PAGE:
The ICC has been working to galvanise funding, scale impactful solutions, and facilitate collaboration across the ecosystem to enable broad-based climate action.

Here’s a glimpse into our impact in the ecosystem, since inception, as of 2022:


Galvanised over Rs. 85 crores (over USD 10 million) in commitments

100+ technical partners

35+ domestic and international philanthropic partners

30+ CSR funders


Insights on CSRs’ growing interest in climate action, challenges that funders face, and opportunities that lie ahead


To drive funding towards high-impact climate solutions in the ecosystem, we are currently building a Climate Solutions Platform. As a part of this, we have been working to understand the different groups of funders who might engage with it. One such group is corporate philanthropy, or CSR funders — and to build our knowledge of this space, we have collaborated with Give to conduct a study of how CSR funders are currently engaging with climate change. Our learnings from these interactions are shared below:


CSR is increasingly interested in climate action


Across the board, corporates in India have been setting climate and sustainability targets — including net-zero, Taskforce on Nature-related Financial Disclosures (TNFD), RE100, Science-based Targets (SBTi), and others. India leads emerging economies with the highest number of corporates committed to SBTi — 79 companies as of April 2022. This engagement is trickling down to CSR as well, with many funders expressing an interest in better understanding the climate landscape — in fact, about 80% of our respondents have expressed an interest in climate action. Currently, about 7% of total CSR funds go to the environment sector; it is the 4th largest recipient after healthcare, education, and rural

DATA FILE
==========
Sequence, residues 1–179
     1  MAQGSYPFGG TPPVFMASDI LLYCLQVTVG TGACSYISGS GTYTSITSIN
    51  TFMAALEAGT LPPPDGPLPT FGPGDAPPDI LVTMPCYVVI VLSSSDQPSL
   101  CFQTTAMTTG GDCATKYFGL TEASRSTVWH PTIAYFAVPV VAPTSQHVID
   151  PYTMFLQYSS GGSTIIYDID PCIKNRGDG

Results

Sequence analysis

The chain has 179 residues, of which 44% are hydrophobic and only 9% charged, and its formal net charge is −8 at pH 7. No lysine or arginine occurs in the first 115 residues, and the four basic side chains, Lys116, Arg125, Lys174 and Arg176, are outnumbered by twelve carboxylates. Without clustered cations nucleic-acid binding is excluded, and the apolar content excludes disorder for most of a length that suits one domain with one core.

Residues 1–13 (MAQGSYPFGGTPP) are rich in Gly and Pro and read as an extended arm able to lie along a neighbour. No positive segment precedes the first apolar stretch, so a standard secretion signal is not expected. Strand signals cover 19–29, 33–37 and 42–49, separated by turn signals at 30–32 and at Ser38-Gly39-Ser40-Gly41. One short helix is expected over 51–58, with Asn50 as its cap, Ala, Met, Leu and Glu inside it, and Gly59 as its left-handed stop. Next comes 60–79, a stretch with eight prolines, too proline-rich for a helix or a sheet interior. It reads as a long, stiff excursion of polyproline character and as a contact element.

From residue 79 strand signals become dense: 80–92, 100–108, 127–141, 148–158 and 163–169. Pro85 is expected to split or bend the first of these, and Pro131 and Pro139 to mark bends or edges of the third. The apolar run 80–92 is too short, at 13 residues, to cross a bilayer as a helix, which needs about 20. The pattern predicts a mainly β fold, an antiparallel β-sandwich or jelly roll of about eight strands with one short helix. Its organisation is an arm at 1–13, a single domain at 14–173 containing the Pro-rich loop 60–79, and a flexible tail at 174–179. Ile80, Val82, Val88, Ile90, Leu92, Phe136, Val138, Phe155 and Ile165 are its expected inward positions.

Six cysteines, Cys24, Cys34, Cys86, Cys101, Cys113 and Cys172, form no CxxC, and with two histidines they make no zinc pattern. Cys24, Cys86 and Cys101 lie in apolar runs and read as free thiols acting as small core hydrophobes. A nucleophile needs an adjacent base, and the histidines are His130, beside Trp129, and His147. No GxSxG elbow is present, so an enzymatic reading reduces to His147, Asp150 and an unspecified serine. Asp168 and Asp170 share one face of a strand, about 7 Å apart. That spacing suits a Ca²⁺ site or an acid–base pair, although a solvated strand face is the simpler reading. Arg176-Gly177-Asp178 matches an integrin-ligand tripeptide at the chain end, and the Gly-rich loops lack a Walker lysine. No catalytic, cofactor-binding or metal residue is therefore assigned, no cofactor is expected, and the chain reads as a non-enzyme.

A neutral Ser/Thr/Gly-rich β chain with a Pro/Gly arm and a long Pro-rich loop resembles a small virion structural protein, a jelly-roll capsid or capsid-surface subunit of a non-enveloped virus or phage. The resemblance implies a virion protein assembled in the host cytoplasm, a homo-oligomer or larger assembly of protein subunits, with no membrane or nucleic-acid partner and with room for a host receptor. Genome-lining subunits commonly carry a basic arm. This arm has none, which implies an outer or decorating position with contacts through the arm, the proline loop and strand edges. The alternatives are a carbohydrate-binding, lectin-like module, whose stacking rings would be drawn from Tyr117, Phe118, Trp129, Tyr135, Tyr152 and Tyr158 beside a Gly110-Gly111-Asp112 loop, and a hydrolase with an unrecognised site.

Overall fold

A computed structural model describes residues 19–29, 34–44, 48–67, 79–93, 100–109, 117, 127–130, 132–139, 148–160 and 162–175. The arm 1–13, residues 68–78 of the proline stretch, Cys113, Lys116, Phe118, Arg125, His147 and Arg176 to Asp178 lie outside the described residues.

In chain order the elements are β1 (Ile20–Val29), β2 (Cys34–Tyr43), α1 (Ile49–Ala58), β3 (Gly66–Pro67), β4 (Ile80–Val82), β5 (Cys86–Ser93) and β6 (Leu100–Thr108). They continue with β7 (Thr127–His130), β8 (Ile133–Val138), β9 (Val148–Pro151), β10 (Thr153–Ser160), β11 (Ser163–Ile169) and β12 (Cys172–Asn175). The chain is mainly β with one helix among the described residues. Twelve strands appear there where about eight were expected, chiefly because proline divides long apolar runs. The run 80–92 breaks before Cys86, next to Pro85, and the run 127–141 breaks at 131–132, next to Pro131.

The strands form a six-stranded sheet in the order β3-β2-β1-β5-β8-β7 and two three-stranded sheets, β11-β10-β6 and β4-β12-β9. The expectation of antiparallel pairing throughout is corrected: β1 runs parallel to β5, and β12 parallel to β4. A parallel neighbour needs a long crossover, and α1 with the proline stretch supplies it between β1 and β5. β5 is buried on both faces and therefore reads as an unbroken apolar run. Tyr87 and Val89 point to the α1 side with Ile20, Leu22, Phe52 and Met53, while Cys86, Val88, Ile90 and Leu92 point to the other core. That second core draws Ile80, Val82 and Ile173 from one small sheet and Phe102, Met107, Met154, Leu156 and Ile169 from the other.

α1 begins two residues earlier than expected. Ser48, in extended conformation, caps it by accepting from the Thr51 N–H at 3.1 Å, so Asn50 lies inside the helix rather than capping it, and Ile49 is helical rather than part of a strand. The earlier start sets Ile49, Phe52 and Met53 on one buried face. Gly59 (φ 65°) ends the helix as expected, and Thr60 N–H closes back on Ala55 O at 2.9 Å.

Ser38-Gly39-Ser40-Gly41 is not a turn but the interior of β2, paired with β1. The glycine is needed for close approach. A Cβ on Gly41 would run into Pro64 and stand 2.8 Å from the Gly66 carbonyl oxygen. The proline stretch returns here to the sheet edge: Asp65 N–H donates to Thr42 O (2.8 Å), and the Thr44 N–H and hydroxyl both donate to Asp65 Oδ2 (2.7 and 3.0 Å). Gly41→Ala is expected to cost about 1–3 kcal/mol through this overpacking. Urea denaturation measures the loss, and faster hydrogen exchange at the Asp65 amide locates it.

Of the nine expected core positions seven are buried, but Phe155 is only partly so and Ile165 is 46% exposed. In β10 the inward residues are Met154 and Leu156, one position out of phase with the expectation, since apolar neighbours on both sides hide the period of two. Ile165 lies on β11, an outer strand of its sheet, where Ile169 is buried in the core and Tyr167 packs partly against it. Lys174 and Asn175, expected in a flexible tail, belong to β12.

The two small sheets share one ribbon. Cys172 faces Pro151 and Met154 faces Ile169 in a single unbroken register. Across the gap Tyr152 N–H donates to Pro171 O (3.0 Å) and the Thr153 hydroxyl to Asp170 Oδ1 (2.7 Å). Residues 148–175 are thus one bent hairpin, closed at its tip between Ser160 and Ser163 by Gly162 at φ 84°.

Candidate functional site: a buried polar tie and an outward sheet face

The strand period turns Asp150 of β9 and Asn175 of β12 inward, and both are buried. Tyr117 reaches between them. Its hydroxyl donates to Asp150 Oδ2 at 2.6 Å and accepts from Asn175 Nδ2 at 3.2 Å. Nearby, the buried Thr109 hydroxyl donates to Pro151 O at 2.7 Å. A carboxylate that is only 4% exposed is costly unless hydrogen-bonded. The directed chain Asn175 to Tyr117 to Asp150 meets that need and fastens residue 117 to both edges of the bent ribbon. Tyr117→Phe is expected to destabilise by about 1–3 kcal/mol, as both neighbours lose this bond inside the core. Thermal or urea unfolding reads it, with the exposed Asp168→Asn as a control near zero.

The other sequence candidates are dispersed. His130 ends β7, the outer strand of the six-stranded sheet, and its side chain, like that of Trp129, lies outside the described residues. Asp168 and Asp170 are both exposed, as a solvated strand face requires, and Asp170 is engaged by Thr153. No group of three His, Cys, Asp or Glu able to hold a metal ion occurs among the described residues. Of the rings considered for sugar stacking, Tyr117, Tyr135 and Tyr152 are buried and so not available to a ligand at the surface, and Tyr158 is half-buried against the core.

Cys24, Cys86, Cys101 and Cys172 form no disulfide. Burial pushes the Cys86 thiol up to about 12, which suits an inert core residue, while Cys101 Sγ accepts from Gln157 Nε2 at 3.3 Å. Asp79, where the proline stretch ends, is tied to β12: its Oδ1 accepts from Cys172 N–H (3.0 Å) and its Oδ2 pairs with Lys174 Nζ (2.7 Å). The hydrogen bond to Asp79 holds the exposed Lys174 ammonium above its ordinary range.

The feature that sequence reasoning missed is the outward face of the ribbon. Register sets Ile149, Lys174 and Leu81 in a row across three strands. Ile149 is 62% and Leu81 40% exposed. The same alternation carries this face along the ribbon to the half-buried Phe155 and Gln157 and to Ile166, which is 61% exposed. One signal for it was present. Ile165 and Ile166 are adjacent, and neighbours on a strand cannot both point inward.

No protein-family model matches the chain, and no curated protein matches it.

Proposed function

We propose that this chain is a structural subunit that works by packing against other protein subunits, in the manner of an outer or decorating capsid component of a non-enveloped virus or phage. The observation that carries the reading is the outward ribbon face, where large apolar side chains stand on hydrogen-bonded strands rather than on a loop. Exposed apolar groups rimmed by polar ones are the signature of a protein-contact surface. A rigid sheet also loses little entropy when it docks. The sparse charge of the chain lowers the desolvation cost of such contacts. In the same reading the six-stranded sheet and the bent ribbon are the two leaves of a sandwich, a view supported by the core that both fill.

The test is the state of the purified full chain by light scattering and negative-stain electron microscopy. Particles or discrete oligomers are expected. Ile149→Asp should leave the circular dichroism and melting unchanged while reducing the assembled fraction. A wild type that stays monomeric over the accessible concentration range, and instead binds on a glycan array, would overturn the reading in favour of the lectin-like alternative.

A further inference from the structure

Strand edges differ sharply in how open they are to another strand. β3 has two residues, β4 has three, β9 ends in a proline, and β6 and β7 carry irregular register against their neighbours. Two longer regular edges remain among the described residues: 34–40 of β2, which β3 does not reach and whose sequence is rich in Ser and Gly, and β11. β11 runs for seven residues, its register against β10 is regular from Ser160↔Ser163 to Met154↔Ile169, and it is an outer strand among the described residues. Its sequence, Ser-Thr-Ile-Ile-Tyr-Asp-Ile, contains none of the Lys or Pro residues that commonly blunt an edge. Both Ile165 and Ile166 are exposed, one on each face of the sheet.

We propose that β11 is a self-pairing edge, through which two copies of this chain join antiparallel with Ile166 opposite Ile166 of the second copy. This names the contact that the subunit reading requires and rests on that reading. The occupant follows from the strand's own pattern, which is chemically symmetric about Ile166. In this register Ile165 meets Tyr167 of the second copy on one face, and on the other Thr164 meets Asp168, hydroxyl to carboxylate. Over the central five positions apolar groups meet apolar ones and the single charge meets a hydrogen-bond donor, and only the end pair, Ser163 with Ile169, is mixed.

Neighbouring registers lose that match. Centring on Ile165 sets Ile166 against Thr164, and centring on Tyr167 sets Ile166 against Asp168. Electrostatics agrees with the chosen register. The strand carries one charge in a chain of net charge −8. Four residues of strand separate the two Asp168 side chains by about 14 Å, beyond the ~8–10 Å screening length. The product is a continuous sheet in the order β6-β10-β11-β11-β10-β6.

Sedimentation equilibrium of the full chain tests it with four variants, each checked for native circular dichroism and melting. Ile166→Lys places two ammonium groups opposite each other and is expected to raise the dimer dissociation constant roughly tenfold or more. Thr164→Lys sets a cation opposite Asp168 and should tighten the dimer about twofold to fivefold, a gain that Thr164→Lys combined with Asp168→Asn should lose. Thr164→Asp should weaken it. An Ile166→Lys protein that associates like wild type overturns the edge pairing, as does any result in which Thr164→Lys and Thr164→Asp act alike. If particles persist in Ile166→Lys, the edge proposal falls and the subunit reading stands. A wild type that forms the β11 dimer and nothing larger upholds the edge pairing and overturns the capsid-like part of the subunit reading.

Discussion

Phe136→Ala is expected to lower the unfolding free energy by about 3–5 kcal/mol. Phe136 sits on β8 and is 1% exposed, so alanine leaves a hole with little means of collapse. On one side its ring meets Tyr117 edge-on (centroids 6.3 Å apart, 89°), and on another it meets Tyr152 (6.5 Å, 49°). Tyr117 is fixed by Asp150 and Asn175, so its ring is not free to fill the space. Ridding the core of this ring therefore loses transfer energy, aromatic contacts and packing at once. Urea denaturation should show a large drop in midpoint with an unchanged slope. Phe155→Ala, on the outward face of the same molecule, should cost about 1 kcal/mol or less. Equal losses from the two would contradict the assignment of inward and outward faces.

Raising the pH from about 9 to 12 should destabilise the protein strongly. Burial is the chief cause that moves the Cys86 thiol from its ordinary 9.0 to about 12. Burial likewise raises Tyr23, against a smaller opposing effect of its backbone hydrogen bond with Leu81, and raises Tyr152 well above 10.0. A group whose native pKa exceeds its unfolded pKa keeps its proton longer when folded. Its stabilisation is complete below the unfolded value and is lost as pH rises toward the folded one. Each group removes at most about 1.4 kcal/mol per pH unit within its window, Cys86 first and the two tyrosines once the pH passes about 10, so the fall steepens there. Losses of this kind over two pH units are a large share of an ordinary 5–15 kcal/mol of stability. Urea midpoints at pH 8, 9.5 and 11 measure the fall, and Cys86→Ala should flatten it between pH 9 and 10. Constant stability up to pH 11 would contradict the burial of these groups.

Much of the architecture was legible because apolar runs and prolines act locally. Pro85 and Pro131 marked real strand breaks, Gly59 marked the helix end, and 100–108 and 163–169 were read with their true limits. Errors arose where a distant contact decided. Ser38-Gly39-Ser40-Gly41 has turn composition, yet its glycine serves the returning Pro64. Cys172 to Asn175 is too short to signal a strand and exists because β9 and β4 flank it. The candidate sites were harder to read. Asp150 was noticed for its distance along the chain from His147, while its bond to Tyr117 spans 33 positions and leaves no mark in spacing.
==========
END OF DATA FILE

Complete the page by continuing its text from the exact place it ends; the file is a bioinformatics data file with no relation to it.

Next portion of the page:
development. However, this is not an accurate proxy for climate projects, as it does not account for development projects with climate benefits that fall within other categories under Schedule VII (such as livelihood enhancement, rural development, slum development, disaster management, and others).


Climate action can be operationalised through both business operations and CSR, but is approached in different ways


Traditionally, corporates have centred their CSR work around people and communities, making their focus more aligned with adaptation projects and those that have other development co-benefits. However, given the accelerated global interest in decarbonisation, mitigation has become a key part of businesses’ sustainability work — leading to a sharp increase in CSR funders’ interest in projects that enable carbon sequestration. Some funders are exploring avenues to leverage carbon credit financing as a way to enable increased incomes for their beneficiaries as well.


CSR funding holds promise in the climate space, but faces some key challenges


Although CSR funders have close connections with grassroots organisations and development experience, their spending is determined by defined timelines and mandates. Climate projects often require long-term commitment, and spending therefore demands more flexibility than the previous year-on-year approach. Recent amendments to CSR law may prove helpful here, under which the re-defined timeline allows for longer-term projects; corporates can now support projects over a four-year duration, commonly referred to as 1+3 (a timeline not exceeding three years, excluding the year of commencement). In addition, impact assessments by an independent entity are now mandatory for CSRs with an average spend of over INR 10 crores, or for projects over INR 1 crore. This encourages funders to focus on the impact their investments are creating, and enables them to work with a partner that can help track their climate impact — commonly cited as a challenge in funding climate.